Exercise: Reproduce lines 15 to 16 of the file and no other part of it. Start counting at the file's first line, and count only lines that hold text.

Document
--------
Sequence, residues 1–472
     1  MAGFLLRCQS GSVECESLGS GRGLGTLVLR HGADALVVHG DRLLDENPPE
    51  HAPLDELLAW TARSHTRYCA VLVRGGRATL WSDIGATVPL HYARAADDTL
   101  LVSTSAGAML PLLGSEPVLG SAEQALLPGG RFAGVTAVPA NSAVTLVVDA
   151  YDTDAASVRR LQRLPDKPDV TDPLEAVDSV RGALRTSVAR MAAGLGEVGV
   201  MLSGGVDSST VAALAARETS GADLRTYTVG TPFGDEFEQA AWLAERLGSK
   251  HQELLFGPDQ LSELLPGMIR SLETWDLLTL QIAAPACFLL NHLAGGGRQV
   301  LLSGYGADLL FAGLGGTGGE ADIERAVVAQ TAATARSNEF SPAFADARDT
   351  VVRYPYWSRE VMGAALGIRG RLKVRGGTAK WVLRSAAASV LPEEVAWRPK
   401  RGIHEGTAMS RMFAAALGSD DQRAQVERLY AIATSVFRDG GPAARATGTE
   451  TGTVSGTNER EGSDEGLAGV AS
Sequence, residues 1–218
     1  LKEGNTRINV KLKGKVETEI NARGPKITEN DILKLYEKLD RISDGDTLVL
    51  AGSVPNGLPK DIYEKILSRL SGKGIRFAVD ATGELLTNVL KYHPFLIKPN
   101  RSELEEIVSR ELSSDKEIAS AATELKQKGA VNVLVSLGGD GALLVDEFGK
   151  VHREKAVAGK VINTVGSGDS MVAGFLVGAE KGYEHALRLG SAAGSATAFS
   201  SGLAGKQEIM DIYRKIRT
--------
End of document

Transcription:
   101  RSELEEIVSR ELSSDKEIAS AATELKQKGA VNVLVSLGGD GALLVDEFGK
   151  VHREKAVAGK VINTVGSGDS MVAGFLVGAE KGYEHALRLG SAAGSATAFS